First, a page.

The idea of selling this car has appeal, but it seems to possess appropriately little priority.
 

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The 300C is selling like crazy. There's one reason to move this up in priority. Look at luxury cars. If we assume luxury cars are the cars people really want, the cars you buy when money doesn't matter much to you, then we can possibly determine what a large portion of the market wants. Luxury cars are often V-8 RWD powered big-azz sedans. 7-series, many mercedes models, Audis....people want these things. Why not find the money to gussy up a Commodore, sell if for loads cheaper, and cash in on this demand? People are always saying....GM beancounters should loosen the purse strings. Well here you go...this is somewhere the purse strings should be loosed. If not on a Commodore, than at least by moving up the new RWD platform considerably, and not years from now.
 

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Originally posted by tgagneguam+Jun 26 2004, 04:34 PM--></div><table border='0' align='center' width='95%' cellpadding='3' cellspacing='1'><tr><td>QUOTE (tgagneguam @ Jun 26 2004, 04:34 PM)</td></tr><tr><td id='QUOTE'> <!--QuoteBegin-MelvinJ@Jun 26 2004, 01:48 PM
Looking at it as something GM could have been planning for a couple of year, it might have had some merit.  Money spent on federalizing the Monaro for the GTO could have been used on this project, but I'm sure it wouldn't have covered the whole tab.  Resources from something else in the new product program to pay for it.  Which would go?
It's funny, MelvinJ, as much as you have elaborated well on the drawbacks financially to going ahead with this proposal, your appeal to business logic will fall on deaf ears. Sometimes ideas like capital expenditure, fixed costs, return on investment and profit margins are foreign concepts.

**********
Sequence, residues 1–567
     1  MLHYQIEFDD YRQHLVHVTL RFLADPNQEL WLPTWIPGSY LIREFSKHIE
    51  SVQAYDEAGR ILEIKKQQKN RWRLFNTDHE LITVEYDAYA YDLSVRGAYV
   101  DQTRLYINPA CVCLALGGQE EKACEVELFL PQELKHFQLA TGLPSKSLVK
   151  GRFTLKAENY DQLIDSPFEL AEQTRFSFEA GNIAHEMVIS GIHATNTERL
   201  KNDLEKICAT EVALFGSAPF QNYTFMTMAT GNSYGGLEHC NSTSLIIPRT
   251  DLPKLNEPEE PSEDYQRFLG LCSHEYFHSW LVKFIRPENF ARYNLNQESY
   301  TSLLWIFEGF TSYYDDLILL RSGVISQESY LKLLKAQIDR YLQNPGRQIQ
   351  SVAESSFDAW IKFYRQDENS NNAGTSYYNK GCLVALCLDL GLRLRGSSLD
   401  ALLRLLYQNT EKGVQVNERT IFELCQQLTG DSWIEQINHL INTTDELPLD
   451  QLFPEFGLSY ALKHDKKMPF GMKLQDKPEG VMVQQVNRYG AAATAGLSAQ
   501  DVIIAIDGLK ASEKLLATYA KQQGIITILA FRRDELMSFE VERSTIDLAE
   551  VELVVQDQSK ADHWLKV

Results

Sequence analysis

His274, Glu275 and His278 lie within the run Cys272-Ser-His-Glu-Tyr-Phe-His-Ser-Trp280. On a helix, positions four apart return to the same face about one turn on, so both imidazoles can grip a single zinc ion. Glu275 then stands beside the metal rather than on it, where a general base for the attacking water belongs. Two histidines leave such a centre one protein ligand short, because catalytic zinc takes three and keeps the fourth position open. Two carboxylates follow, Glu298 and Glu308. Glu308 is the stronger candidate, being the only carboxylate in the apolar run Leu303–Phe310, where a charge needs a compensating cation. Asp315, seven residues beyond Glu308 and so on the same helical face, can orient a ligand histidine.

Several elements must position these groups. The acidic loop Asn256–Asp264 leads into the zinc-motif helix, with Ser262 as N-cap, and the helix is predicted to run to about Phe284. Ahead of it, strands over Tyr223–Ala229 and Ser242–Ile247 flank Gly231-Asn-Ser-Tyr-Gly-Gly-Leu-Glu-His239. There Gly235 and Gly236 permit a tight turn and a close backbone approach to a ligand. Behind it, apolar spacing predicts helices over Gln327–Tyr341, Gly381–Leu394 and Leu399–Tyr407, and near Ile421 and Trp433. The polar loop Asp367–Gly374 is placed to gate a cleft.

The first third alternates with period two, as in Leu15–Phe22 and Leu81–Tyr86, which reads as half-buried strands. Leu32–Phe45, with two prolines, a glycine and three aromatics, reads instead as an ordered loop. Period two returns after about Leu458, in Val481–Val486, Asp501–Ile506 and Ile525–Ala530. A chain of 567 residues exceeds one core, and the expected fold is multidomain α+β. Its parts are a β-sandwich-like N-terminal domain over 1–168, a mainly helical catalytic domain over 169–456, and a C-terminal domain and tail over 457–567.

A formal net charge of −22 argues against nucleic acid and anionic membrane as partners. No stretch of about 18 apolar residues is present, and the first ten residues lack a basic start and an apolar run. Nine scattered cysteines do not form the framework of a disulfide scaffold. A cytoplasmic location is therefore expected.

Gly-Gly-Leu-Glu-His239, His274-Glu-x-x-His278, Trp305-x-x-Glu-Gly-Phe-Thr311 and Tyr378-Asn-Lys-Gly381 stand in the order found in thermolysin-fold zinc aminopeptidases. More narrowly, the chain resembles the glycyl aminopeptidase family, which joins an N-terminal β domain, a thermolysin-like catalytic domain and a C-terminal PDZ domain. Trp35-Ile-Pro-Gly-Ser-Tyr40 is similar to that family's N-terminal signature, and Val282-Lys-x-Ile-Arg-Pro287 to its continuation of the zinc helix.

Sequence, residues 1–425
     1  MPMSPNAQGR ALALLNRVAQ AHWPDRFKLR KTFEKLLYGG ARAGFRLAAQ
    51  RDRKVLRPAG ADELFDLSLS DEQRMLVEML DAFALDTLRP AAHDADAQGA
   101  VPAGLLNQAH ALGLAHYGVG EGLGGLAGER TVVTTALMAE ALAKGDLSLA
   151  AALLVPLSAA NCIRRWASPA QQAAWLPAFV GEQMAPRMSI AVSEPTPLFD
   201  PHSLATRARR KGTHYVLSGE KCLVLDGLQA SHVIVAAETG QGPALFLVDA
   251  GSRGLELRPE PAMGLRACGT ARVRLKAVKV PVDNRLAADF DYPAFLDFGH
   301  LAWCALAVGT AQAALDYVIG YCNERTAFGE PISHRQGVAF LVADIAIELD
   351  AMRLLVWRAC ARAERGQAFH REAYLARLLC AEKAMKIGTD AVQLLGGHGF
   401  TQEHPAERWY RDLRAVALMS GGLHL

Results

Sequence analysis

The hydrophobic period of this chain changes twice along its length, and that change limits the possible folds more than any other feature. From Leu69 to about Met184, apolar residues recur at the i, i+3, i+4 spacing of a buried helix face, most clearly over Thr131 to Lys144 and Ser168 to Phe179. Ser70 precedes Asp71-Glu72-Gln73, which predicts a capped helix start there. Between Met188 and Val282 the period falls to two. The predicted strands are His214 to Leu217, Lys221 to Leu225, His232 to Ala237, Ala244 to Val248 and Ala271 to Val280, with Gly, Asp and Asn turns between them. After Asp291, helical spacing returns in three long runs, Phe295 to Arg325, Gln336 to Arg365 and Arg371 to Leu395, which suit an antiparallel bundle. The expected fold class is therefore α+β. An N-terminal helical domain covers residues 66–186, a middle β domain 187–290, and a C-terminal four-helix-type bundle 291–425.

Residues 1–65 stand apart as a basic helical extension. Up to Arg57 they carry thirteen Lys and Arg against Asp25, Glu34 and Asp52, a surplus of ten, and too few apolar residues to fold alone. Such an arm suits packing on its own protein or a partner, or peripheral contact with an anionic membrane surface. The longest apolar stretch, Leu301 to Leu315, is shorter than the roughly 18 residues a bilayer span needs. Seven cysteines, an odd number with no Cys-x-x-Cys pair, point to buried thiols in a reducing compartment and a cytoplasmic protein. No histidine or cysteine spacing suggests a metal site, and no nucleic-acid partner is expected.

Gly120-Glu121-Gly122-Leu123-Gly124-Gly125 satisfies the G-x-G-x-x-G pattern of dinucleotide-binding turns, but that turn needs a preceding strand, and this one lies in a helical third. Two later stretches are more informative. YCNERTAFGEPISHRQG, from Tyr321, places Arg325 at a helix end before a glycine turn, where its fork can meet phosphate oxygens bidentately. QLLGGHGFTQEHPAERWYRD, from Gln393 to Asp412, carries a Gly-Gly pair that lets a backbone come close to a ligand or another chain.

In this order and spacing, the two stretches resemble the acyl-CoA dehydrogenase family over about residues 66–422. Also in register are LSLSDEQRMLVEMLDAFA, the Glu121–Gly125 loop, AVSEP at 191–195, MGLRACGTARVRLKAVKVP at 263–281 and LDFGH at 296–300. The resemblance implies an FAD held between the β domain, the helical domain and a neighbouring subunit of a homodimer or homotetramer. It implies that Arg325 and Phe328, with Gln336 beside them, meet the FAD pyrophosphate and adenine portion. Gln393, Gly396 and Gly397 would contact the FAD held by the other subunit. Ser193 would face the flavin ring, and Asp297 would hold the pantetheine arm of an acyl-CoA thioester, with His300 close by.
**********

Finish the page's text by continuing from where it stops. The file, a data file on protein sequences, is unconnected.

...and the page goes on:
The idea of selling this car has appeal, but it seems to possess appropriately little priority. [/b][/quote]
Thanks, although sometimes I don't know why I bother.
 

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I'm from South Australia where the holden commodore is built and one thing i must say is that i dont like the idea of the commodore being built in the states. Personally i feel that there is no reason for it to be built there because they can simply be imported and with the new free trade agreement which exists only between the US and Australia there is no hurdle for it anyway (no tariffs) the only problem is that the only holden product that is sold in america is rediculously expesive over there and I feel that it is only that way because they called it a GTO and not a Monaro. Considering the top of the line V8 statesman caprice costs what translates to around $53,500 US and our Monaro/GTO is around $43,000 US i cant see why not.